American history teems with such episodes, from the Salem witch trials to reefer madness to the ongoing methamphetamine scare. Other panics include the 1950s hubbub over horror-themed comic books; 1980s fusses over heavy metal, Satanism, and Dungeons & Dragons; and more recent furors over violent video games and the Goth subculture.
Spurlock's panic is the "obesity epidemic," the target of a public health crusade that's equal parts Victorian restraint, fear of business, distaste for conspicuous consumption, and disdain for fat people. While he certainly didn't start America's obesity panic, there's no question that Spurlock has played a big role in popularizing it. Super Size Me was nominated for an Academy Award, and with more than $11.5 million in gross receipts, it stands today as the sixth-highest-grossing documentary of all time. Since the movie, Spurlock has won two cable television shows, with the F/X network and with Comedy Central.
Spurlock's book opens with an attack on American consumption, delivered wholly without context or perspective. He writes, "in 2003, we spent nearly $8 trillion on all kinds of crap. That's right, trillion. How insane is that?...We buy almost twice as much crap as our nearest competitor, Japan." Spurlock posits a peculiar and unsubstantiated connection between our pursuit of "stuff" and our consumption of antidepressants, our waistlines, and our health, concluding that advertising and marketing make us want to buy more, that wanting more makes us depressed, and that depression makes us want to buy more. For Spurlock, we don't merely have too much flesh around our waists; we have too much everything.
This theme is reflected in Spurlock's apparent fondness for countries devoid of consumer culture. He fondly anticipates an upcoming trip to Cuba, for example, writing that he's eager to visit before Castro dies and the country is "flooded with American consumer crap." At one point, he writes that there's little difference between the line to get a burger at the Moscow McDonald's and the lines to get government-issued food in the former Soviet Union. Later, he suggests that our modern diet is giving us cancer and announces: "Diets high in animal fat seem to promote cancer and inhibit recovery from things like breast and colon cancer. Where do people eat high-fiber, plant-based diets? The nonindustrial world, that's where. Where do people eat too much meat and fat? Guess."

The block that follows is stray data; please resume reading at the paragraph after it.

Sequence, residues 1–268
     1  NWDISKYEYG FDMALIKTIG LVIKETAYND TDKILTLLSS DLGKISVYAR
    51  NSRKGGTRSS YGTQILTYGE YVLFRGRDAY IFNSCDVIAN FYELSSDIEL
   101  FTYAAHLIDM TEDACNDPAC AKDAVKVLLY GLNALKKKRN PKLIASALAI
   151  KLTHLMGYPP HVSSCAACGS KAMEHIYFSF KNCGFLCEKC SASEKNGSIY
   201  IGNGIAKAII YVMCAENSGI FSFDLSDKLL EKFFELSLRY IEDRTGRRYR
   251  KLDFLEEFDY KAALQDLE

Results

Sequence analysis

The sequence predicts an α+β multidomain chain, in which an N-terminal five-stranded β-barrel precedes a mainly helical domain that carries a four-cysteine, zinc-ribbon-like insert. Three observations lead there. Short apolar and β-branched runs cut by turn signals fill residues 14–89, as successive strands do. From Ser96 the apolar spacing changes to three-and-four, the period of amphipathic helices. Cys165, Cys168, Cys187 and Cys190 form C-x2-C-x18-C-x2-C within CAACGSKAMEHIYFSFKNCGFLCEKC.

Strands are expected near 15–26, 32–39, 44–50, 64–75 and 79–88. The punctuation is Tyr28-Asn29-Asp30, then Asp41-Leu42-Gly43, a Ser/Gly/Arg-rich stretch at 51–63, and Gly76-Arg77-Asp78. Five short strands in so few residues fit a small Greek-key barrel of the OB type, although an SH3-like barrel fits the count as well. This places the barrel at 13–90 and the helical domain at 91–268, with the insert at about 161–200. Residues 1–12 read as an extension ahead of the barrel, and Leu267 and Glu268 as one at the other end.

He neglects to mention the vast disparity between the industrial and nonindustrial worlds when it comes to life expectancy, infant mortality, and the eradication of communicable diseases. If there's more cancer in the Western world, it's at least partly because we live longer.
Having damned consumption, Spurlock then praises restraint, making his point with an odd retelling of history. "Everybody in the world, in every culture, has known that overeating is bad for you," he writes. "In the Judeo-Christian tradition...overeating wasn't just bad for you, it was bad, period. As in morally wrong." After recapping Dante's account of what Hell offers up for gluttons, Spurlock sighs, "In just the last thirty years, we've trashed those thousands of years of civilized tradition."
Spurlock's synopsis is not just ridiculously broad. (Everybody in the world has condemned overeating? In every culture?) It's mistaken. In most cultures through most of history, adiposity has been a sign of vigor, beauty, and good health. Well-proportioned women graced urns and canvases as the epitome of beauty. Ruben's nudes would drive today's obesity warriors to apoplexy. Anthropologist Lionel Tiger notes in his book The Pursuit of Pleasure that today's ultimate flattery--"I see you've lost weight"--would through most of history have been "a mark of sympathy and dread." (There is a difference, of course, between being well-fed and obese. But the absurd parameters of today's Body Mass Index pushes the well-fed into the overweight category.)